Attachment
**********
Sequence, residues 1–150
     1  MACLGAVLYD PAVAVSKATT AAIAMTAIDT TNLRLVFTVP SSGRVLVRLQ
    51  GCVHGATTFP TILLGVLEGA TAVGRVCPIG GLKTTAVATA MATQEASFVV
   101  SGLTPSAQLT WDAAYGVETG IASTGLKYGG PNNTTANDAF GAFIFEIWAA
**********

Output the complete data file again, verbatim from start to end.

Sequence, residues 1–150
     1  MACLGAVLYD PAVAVSKATT AAIAMTAIDT TNLRLVFTVP SSGRVLVRLQ
    51  GCVHGATTFP TILLGVLEGA TAVGRVCPIG GLKTTAVATA MATQEASFVV
   101  SGLTPSAQLT WDAAYGVETG IASTGLKYGG PNNTTANDAF GAFIFEIWAA